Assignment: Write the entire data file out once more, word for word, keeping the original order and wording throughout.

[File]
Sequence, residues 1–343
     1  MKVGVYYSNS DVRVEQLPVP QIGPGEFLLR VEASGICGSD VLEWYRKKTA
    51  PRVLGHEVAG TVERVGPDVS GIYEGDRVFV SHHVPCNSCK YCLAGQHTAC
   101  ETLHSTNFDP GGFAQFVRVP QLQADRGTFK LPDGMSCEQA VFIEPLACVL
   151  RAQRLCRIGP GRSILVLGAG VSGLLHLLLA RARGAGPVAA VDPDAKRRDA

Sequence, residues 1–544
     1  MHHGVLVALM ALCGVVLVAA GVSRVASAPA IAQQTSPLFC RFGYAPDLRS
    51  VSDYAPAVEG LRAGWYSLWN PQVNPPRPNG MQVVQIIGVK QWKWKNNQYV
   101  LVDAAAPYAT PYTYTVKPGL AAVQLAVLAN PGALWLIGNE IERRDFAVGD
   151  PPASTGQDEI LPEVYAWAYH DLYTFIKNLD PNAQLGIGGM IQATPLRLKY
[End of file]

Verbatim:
Sequence, residues 1–343
     1  MKVGVYYSNS DVRVEQLPVP QIGPGEFLLR VEASGICGSD VLEWYRKKTA
    51  PRVLGHEVAG TVERVGPDVS GIYEGDRVFV SHHVPCNSCK YCLAGQHTAC
   101  ETLHSTNFDP GGFAQFVRVP QLQADRGTFK LPDGMSCEQA VFIEPLACVL
   151  RAQRLCRIGP GRSILVLGAG VSGLLHLLLA RARGAGPVAA VDPDAKRRDA

Sequence, residues 1–544
     1  MHHGVLVALM ALCGVVLVAA GVSRVASAPA IAQQTSPLFC RFGYAPDLRS
    51  VSDYAPAVEG LRAGWYSLWN PQVNPPRPNG MQVVQIIGVK QWKWKNNQYV
   101  LVDAAAPYAT PYTYTVKPGL AAVQLAVLAN PGALWLIGNE IERRDFAVGD
   151  PPASTGQDEI LPEVYAWAYH DLYTFIKNLD PNAQLGIGGM IQATPLRLKY